It's been an incredibly busy week for both Shally and I since it's our first week of teaching of the 2011-12 school year. All the continuing and new students have settled in after our week orientation, so it's down to some serious teaching and learning for the rest of the semester.
Our textbooks finally arrived yesterday. There was a three-day delay because of the flooding of the Siem Reap River over the weekend. Our printing place was submerged in water, so they didn't have any power over the weekend, which put them behind all of their orders. Regardless, they arrived and we were able to hand them out to our students.
Once again, we're using the Side by Side series. The main reason we decided to use this series was because there is much less cultural content than other EFL textbooks. We do include part of this cultural content in our lessons, but we have localized every single lesson so that the BEA kids can talk about themselves and their own cultures. On average, we use the textbook for about three lessons in each course each week, and the other two lessons are supplemented with other teaching materials. In this way, students don't get bored with the same teaching method, and it keeps them motivated and interested in learning.
Shally will have a bit of an "easier" time teaching this year since we have kept all of our lessons from our courses last year. His main job this year will be revising his lessons from the Basic and Pre-Intermediate courses. Our new Intermediate course will take up most of his planning time this year.
When I head back to Japan this weekend, I'll have a suitcase full of all of Shally's lessons plans and supplementary materials from last year. One of BEA's long-term goals is to eventually design a textbook book and teacher's book specifically for Cambodian teachers and students to use. One of my big tasks over the next year is to start going through all of Shally's lesson plans and putting together a first draft of these books. It just seems there is no end to paperwork...
The library program is now up and running. Students from the Pre-Intermediate and Intermediate courses have already started borrowing graded readers from the library. Srey Net, our librarian, was able to process another 30 books yesterday, which now brings our graded reader total to 265 - a humble, but good start to our library collection. In our lessons yesterday, Shally pointed out the "Graded Reader Progress Chart" in the textbooks. BEA students are required to read two graded readers each semester before the "Book Report Workshop" at the end of January. For this workshop, students will participate in discussions about one of their books, give a short presentation and write a book report. Throughout the semester, Shally will be checking these progress charts to make sure students are keeping up with their reading.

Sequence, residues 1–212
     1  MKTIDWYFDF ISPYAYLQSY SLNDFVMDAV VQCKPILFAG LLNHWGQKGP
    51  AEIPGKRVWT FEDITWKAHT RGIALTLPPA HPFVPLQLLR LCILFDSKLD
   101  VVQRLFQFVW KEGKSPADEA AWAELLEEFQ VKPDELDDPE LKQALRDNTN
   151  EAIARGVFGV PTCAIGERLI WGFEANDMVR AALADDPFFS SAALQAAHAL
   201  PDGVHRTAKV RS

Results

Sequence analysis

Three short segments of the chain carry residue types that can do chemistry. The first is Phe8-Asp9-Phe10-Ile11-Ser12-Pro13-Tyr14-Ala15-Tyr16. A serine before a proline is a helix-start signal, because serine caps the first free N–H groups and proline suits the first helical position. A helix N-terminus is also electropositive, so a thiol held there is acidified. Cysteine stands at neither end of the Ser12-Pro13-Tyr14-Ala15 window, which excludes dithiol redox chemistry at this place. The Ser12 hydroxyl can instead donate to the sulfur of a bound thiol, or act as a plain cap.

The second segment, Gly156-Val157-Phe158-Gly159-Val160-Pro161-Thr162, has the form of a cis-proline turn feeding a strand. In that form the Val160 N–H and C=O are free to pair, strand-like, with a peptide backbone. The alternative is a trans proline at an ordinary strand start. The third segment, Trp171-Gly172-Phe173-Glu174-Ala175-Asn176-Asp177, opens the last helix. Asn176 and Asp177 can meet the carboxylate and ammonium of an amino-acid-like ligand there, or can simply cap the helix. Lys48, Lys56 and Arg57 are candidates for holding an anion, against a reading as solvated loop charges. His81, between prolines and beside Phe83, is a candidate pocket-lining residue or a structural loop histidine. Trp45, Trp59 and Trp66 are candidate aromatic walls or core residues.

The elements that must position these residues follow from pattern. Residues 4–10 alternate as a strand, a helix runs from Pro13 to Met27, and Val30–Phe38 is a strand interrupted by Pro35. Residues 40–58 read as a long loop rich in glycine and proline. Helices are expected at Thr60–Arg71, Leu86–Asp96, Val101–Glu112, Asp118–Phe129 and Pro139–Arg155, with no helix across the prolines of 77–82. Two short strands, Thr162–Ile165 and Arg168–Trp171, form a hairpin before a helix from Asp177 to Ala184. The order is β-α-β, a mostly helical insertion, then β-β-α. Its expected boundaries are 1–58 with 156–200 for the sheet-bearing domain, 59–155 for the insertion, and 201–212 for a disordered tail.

I'll write more about Shally's teacher training program in more detail in a later because there's too much to write about for just one single posting. For the first week of classes, we've been able to get in some team teaching with a few feedback sessions. We usually spend more time on teacher training in February when we have a bit more time between the first and second semesters. However, I've been completely impressed with the progress he has made over the past year, especially in his elicitation and monitoring skills. It really seems that he's been teaching much longer than just five years!
As usual, I'll be assisting him with lesson planning once I'm back in Japan. Last year, I planned the majority of his reading and listening lessons, as well as the more challenging speaking lessons. After he had read through the plan, he would skype me to discuss any questions. Finally, after he taught the lesson, we had a short skype feedback session to discuss what worked well and what needed to be improved. For this year, I'll be focusing most of my lesson planning on the Intermediate speaking lessons so that Shally can learn new practice and use activities.
I finished up my last teaching day at BEA yesterday so that I can have a day to finish up last-minute administrative matters before I head back to Japan. We were finally to have our staff dinner at a suki soup restaurant. This is a type of dish where you can order different types of meats and vegetables, and then they are boiled in a big pot at your table. It was a great way to end the day, and to give a big thanks to the staff for al their hard work.
Back to paperwork...
The Bayon English Academy (BEA) is an NGO school that provides underprivileged youth with quality English language education in a safe, clean environment in Siem Reap, Cambodia.